An international team of geoscientists has discovered an unusual geological formation that helps explain how an undersea earthquake off the coast of Sumatra in December 2004 spawned the deadliest tsunami in recorded history.
Instead of the usual weak, loose sediments typically found above the type of geologic fault that caused the earthquake, the team found a thick plateau of hard, compacted sediments. Once the fault snapped, the rupture was able to spread from tens of kilometers below the seafloor to just a few kilometers below the seafloor, much farther than weak sediments would have permitted. The extra distance allowed it to move a larger column of seawater above it, unleashing much larger tsunami waves.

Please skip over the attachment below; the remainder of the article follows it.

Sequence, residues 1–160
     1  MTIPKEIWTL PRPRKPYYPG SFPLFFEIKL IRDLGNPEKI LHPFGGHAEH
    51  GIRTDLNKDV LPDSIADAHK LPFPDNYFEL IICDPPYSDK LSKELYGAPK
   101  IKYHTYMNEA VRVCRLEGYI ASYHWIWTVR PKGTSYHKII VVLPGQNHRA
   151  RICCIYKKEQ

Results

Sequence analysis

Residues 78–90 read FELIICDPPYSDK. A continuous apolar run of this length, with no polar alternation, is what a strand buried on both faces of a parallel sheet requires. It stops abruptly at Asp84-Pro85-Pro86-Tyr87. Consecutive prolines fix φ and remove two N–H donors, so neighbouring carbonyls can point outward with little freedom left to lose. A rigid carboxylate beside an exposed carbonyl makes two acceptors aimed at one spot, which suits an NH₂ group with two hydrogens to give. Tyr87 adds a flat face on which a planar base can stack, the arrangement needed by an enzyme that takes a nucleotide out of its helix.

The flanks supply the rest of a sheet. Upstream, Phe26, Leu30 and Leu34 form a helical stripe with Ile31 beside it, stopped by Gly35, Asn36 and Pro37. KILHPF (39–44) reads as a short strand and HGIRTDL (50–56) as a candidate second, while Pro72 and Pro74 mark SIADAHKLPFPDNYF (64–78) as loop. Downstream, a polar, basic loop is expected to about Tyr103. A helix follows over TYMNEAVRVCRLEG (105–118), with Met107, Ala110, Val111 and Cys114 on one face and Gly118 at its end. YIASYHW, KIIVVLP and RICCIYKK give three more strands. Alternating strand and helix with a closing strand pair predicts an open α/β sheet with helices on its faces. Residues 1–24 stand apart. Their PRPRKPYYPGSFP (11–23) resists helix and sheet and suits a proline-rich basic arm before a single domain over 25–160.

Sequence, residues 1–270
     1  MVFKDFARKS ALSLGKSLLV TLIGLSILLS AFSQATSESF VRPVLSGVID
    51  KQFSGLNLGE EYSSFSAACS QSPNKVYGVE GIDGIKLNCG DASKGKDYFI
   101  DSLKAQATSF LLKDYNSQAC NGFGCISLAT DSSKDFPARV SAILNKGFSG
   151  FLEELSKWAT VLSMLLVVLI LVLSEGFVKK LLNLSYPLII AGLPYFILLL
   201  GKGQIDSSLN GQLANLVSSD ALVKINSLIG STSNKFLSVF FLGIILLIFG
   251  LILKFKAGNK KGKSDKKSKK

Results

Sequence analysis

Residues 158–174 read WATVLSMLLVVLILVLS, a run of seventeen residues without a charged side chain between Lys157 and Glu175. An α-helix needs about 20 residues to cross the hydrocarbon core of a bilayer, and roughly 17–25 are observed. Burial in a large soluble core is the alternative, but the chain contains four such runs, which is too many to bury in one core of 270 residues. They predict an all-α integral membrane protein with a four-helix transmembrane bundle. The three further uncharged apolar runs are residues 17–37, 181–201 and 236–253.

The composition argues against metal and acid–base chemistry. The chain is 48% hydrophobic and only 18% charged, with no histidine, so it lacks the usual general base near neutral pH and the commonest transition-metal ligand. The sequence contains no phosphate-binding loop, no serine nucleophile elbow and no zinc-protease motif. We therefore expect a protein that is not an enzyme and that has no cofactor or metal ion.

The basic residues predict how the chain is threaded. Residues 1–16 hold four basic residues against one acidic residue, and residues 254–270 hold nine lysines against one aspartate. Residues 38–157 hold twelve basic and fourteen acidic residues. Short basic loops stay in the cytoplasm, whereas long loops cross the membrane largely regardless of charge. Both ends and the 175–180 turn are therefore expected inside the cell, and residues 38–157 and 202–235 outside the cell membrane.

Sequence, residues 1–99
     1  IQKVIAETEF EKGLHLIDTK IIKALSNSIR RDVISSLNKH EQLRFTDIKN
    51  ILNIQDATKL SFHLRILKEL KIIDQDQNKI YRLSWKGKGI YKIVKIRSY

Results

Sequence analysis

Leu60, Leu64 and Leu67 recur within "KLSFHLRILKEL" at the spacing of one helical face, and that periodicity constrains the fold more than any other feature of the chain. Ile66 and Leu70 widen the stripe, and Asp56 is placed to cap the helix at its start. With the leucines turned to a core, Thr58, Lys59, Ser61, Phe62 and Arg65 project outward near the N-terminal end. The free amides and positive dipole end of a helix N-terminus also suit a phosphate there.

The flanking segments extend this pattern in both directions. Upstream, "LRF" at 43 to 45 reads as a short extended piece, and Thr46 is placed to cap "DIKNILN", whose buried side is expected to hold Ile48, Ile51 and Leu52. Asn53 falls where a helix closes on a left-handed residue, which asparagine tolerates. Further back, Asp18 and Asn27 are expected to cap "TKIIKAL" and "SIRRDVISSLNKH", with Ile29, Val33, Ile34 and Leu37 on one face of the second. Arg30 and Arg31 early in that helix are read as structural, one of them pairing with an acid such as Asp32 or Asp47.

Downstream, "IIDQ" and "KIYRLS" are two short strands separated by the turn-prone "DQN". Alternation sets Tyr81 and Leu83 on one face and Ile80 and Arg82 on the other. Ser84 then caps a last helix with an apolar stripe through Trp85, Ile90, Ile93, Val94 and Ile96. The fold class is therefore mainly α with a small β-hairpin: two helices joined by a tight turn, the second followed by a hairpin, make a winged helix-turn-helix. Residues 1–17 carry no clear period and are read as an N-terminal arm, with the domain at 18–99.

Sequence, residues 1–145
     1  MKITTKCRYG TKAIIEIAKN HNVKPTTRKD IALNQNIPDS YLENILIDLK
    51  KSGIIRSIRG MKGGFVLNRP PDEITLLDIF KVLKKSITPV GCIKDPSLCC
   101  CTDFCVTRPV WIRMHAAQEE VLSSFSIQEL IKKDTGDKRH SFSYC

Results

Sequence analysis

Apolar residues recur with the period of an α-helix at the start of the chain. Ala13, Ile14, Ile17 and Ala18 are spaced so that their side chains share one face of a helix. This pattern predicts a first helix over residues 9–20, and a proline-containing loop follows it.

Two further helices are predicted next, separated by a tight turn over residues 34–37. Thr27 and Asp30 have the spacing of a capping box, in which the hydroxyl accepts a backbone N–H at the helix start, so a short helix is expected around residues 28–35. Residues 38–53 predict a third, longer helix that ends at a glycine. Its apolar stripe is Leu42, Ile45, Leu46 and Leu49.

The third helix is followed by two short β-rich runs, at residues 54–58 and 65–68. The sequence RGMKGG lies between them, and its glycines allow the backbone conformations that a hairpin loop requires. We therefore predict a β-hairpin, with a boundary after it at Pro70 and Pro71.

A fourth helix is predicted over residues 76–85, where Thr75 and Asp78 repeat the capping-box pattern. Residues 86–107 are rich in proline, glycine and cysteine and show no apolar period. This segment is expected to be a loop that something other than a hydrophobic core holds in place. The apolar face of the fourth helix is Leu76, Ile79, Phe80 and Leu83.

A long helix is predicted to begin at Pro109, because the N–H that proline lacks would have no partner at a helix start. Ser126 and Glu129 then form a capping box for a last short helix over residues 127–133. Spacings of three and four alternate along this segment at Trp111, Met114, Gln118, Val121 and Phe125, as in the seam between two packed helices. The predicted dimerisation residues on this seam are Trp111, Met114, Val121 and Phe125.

"The results suggest we should be concerned about locations with large thicknesses of sediments in the trench, especially those which have built marginal plateaus," said Sean Gulick, research scientist at The University of Texas at Austin's Institute for Geophysics. "These may promote more seaward rupture during great earthquakes and a more significant tsunami."